This is sort of like you were a car dealer and told the buyer not to wear the seat belt because he'd be too slow and stupid to release it if he got stuck in the car. The customer now goes through the windshield and dies. Where does that leave the auto dealership whose salesman gave that incredibly stupid advice?

About the same place it leaves the gun dealer whose clerk told the customer to ignore a safety device that was put on the gun by both the designer and the manufacturer for a very good reason. Your agent, whose expertise the gun owner had a right to rely on, told him not to use a safety mechanism that could have prevented the tragedy in question.

Did a child get a hold of the gun and pull the trigger, with nightmarish consequences? Did a bad guy rip the gun out of the legitimate owner's hand, convulsively pull the trigger, and paralyze the owner for life? Did the gun go off when something caught the trigger as it was being shoved into the holster?

Pick any of those scenarios. It doesn't matter. In none of the above would the gun have gone off if the lever had been in the on-safe position, and the damages would not have been suffered. However, that physical and psychological damage was suffered because your clerk told the customer to disengage a safety mechanism on a lethal weapon. The damage was caused, and now the damages are sustained. By you, and what used to be your solvent company.

By all means, share with the customer the arguments of "safety" versus "decock lever" to the point where they can make a rational choice. Show them how to quickly pop the lever from "safe" to "fire"; running the thumb toward the front sight brings the slide-mounted safety into the up position. But remember that when you tell someone to carry off safe, and the gun fires when it wouldn't have fired if it had been on safe, plaintiff's counsel has the kind of case that lets him afford to send his kids to law school.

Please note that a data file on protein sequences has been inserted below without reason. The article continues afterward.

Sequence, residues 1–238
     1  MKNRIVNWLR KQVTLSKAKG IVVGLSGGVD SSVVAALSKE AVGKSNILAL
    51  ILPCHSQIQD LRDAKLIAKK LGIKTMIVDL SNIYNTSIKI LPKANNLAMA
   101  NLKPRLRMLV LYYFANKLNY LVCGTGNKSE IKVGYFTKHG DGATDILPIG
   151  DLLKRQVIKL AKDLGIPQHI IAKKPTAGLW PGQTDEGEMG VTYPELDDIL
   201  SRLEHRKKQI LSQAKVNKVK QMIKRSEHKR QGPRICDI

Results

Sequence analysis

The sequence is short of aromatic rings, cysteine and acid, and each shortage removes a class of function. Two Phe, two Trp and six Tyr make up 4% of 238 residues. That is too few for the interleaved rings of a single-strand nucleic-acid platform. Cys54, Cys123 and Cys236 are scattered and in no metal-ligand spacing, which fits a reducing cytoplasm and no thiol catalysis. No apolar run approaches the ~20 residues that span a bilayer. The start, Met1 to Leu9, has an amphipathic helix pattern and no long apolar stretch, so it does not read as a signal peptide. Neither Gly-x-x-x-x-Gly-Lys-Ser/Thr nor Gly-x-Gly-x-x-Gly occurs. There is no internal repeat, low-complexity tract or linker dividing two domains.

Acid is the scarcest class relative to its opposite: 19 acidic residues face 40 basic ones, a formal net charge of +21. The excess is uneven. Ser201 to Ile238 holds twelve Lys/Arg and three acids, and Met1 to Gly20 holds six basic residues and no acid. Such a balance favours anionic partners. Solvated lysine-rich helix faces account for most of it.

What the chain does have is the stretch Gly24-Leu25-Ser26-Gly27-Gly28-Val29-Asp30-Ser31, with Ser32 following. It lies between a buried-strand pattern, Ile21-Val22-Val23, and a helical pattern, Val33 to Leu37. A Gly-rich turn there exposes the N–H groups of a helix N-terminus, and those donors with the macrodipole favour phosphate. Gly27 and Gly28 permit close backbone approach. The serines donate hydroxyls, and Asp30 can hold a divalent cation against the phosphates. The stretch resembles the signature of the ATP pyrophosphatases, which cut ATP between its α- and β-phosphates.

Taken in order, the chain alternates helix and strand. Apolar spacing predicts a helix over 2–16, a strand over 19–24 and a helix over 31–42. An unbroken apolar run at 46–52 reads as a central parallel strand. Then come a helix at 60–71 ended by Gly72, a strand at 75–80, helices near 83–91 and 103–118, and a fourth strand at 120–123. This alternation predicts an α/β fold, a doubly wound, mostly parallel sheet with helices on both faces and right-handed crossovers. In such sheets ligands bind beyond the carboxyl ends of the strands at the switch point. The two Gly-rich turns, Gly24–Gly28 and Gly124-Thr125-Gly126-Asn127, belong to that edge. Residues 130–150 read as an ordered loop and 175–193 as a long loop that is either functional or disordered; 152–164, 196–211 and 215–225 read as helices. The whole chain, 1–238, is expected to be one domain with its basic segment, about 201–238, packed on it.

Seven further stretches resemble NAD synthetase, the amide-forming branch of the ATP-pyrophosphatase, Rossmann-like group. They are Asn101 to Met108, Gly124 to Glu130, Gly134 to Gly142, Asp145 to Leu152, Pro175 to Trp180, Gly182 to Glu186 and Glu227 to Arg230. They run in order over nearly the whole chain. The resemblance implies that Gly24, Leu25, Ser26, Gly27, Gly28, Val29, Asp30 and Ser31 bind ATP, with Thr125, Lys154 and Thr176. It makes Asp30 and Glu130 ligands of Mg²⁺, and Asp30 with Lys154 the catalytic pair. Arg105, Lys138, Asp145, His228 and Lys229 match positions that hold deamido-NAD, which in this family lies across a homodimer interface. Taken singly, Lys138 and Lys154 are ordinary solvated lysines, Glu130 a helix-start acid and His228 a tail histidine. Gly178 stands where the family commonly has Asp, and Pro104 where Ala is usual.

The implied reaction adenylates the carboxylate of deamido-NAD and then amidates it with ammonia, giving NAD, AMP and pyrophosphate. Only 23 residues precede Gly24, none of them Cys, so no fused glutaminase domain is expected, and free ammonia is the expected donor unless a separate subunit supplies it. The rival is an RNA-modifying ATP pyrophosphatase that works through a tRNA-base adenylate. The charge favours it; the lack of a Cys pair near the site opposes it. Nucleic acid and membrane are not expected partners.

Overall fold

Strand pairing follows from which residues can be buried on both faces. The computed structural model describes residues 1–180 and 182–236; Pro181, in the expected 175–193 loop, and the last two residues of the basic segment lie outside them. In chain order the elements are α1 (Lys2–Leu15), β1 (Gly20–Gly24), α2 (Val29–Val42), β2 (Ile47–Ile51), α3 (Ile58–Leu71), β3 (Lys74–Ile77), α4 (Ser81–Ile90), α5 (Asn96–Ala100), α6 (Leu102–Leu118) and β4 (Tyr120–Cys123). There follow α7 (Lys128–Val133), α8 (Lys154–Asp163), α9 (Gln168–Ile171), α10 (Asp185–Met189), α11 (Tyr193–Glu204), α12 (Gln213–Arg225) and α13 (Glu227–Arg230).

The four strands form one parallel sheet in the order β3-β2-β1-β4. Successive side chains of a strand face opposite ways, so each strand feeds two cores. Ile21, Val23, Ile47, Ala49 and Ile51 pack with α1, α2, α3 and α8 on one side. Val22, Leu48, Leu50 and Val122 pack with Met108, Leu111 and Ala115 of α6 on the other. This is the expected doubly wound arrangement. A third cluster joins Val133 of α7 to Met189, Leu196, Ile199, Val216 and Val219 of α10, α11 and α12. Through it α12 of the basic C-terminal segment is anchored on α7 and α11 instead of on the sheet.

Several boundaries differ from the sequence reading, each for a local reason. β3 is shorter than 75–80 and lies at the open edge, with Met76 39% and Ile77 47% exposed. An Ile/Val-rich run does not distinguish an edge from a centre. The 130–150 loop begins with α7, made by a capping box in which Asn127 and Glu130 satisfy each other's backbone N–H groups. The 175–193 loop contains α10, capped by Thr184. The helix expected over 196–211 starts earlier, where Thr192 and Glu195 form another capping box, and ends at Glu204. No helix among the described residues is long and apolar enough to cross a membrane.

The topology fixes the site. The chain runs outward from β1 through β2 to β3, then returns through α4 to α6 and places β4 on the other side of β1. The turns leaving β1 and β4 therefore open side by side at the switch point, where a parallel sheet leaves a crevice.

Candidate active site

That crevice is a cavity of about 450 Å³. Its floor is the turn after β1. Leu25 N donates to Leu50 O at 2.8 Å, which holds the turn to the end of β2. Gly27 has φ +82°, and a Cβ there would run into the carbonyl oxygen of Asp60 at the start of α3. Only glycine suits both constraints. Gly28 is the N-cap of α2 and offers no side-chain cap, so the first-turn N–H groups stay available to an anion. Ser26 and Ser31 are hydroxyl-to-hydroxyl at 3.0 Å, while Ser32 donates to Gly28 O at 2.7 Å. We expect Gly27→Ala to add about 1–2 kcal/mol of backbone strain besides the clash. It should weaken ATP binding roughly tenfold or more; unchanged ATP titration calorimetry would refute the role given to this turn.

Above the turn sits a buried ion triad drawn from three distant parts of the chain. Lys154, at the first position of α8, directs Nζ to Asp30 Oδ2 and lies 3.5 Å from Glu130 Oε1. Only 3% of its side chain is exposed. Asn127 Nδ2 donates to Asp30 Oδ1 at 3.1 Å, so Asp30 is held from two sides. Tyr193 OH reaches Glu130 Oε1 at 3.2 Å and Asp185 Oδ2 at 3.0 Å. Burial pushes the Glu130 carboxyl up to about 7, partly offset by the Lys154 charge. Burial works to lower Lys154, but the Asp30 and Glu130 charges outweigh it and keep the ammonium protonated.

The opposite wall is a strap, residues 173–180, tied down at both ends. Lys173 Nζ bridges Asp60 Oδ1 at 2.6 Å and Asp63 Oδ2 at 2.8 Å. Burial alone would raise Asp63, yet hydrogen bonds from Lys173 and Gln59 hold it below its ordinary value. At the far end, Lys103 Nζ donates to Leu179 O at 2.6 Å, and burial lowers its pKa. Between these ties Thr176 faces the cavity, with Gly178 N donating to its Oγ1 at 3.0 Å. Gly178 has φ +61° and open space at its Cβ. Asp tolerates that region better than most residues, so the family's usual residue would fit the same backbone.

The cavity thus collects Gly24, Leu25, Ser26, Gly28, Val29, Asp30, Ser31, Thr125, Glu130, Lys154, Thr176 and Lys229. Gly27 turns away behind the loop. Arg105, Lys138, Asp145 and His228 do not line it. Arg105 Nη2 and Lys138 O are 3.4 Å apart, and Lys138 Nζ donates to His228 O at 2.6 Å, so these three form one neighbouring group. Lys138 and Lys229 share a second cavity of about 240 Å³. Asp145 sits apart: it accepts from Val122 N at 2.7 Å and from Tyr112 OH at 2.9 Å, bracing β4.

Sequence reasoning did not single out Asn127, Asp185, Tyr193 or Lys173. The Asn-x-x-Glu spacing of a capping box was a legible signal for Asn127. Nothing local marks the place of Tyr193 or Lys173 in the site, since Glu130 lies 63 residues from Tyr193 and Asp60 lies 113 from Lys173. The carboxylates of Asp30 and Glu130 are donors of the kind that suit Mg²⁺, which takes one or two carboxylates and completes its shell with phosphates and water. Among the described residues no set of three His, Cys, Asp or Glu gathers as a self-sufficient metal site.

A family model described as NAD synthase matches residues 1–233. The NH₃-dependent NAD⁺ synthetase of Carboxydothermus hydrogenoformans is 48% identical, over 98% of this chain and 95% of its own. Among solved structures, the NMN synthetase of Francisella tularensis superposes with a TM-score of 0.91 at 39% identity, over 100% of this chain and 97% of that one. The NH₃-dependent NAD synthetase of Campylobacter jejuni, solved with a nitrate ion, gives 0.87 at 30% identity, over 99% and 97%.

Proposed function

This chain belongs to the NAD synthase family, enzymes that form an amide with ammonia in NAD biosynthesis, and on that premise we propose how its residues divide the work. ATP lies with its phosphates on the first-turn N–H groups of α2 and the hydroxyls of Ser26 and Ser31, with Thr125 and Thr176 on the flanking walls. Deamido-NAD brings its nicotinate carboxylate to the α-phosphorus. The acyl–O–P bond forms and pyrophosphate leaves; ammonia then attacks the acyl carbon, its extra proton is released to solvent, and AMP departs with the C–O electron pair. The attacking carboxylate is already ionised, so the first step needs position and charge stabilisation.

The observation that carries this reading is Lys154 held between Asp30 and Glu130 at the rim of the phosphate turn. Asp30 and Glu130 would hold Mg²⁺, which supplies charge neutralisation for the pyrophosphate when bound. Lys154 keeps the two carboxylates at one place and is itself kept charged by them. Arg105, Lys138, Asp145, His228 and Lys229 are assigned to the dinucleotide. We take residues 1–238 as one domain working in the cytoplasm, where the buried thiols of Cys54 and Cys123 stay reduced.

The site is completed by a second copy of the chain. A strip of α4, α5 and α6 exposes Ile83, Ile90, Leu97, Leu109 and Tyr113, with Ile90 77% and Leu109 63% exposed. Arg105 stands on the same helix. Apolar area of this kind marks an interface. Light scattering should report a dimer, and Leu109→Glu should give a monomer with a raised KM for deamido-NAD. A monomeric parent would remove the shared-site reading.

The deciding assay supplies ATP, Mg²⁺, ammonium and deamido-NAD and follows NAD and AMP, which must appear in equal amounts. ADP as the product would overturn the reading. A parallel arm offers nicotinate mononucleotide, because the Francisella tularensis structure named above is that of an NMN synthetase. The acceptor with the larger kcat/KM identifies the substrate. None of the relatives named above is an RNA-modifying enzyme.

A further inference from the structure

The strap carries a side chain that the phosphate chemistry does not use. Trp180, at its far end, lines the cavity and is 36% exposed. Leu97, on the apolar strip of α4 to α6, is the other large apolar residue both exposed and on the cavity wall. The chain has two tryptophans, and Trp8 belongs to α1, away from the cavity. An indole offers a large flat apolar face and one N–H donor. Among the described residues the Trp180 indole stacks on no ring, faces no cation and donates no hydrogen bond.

"Naw, you don't need no gun safety books or manuals or nothin'. Why, workin' one of these babies is just common sense." Ask the dealer who has already been successfully sued for selling a gun without an operating manual or training material on firearms safety, just how much this cost him in court. If you look around, you shouldn't have a hard time finding a dealer who can tell you from bitter experience. That is, if he's still in business.

Be sure every new gun you sell has an owner's manual in it. Maintain a library of owner's manuals, or at least the excellent Digest Book series on weapons assembly/disassembly, and if necessary make photocopies for every used gun you sell. Include NRA and NSSF gun safety handouts. They cost pennies. Document that this was done. Yes, it's another couple of bucks of operating costs. Factor that against $100,000 in legal fees when the first bozo shoots himself in the foot with the gun he bought at your store, and swears that you recklessly endangered his life by furnishing him with a deadly weapon but no knowledge of how to use it.

You may not like the sound of this any more than I do, but it's better to hear it from me now than from plaintiff's counsel later. These are lessons I've learned in the arena of the courts, and in coming issues, we'll share more of them.
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Copyright 1991 Gale, Cengage Learning. All rights reserved.

Article Details
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Author:Ayoob, Massad
Publication:Shooting Industry
Article Type:column
Date:Apr 1, 1991